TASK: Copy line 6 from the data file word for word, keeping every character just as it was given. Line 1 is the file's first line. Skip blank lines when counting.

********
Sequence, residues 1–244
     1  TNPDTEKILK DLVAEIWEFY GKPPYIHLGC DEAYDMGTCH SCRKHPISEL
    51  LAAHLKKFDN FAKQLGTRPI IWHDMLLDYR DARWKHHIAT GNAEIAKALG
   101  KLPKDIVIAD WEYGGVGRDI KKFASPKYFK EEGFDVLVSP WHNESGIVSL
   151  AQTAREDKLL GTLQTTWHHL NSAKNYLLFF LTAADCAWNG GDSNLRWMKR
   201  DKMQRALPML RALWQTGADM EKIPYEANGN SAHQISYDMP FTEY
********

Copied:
   201  DKMQRALPML RALWQTGADM EKIPYEANGN SAHQISYDMP FTEY